by Peter Burgess, Senior Information Security Consultant
Hackers are constantly looking for new ways to access an organisation’s data and sometimes they succeed. One of the more bizarre approaches recently was by using a fish tank. The hackers attempted to access and steal data from a North American casino by accessing a fish tank connected to the Internet as reported in the Washington Post.
Sensors in the fish tank were connected to a computer that regulated the temperature, food, and cleanliness of the tank. By gaining access to the computer that regulated the fish tank, the hackers then gained access to the network(s) that machine could access. It was reported that 10 gigabytes (GB) of data was taken in this hack and sent to a storage device based in Finland.
The vendor in question was a refrigeration, heating, and air conditioning subcontractor. It was said that the vendor had remote network access to the HVAC systems of several stores to routinely monitor energy consumption and temperatures in the stores.
Once the HVAC system was compromised, the hackers were then able to gain access to the store network. Once they had access, they were ultimately able to upload card-stealing malicious software to several credit card swipe devices attached to the registers. Once they had the hack in place, they just sat back and let the customer data and information come to them. Every transaction completed after the hack sent credit card detail and customer information directly to the hackers until the hack was discovered and shut down.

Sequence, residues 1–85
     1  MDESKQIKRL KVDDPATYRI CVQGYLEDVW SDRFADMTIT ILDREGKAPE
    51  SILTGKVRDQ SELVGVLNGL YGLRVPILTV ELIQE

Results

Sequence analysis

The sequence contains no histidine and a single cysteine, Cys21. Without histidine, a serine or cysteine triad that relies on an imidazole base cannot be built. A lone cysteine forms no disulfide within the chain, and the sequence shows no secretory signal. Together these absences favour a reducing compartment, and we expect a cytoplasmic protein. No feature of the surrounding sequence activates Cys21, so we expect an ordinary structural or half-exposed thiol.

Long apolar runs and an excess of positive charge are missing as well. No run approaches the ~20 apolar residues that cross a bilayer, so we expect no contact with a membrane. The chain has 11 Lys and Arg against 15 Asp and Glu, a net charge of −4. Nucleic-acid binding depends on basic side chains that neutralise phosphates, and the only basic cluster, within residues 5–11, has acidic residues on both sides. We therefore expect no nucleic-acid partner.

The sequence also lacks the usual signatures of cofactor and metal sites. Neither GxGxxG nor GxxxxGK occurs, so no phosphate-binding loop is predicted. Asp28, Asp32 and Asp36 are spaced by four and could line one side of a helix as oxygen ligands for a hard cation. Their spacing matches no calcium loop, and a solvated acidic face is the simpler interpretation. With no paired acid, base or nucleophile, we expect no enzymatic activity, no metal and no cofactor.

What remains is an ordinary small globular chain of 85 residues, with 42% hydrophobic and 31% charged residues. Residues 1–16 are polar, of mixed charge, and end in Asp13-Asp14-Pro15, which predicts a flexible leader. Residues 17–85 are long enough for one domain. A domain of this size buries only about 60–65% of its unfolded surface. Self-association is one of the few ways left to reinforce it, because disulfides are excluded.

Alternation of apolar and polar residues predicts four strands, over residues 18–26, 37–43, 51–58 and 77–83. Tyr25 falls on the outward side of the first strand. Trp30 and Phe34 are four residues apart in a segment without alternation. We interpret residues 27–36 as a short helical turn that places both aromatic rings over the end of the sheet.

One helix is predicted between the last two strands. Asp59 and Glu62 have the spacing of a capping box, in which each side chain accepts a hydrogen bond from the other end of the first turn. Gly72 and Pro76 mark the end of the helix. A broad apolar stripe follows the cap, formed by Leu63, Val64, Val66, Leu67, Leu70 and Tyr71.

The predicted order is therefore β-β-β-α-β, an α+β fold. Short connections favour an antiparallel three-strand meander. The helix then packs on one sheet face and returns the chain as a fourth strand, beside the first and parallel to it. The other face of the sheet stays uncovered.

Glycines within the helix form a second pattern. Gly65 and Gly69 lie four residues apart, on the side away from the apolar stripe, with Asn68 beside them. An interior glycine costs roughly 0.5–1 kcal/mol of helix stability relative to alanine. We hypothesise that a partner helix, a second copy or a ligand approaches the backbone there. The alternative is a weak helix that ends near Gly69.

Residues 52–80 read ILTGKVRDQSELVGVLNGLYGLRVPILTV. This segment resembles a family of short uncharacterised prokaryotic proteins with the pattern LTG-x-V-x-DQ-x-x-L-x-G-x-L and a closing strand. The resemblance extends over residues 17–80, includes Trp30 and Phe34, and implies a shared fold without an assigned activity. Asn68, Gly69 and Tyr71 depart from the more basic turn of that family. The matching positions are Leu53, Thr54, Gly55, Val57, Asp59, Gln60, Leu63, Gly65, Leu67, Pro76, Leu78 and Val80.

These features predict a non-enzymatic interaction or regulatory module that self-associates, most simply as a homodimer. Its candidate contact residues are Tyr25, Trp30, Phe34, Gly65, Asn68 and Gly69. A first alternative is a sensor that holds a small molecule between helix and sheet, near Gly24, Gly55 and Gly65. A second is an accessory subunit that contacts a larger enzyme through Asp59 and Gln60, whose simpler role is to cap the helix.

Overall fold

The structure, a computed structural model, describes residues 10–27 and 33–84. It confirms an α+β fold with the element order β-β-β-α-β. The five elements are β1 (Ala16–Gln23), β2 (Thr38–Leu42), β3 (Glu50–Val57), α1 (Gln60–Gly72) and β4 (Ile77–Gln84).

Unfortunately, this problem is only likely to escalate due in part to what is called “The Internet of Things”. This is an industry term used to describe how different types of devices connect to the Internet in today’s environment. This includes but is not limited to refrigerators, home security systems, thermostats, baby monitors – and more.
As more products with the ability to connect to the Internet become available, opportunities for hackers to access data through unique and interesting methods have risen.
A US based company that makes smart children’s soft toys has recently been investigated for leaking 800,000 user account credentials. The data was exposed and on unprotected servers, meaning that hackers were able to access it easily, lock it and hold it for ransom. The toy is designed to allow a child to send messages through the stuffed animal to family that live in distant locations. To accomplish this, the company would gather information about the child and family members the child wanted to communicate with (parent, grandparents) including names, addresses and other personally identifiable information (PII).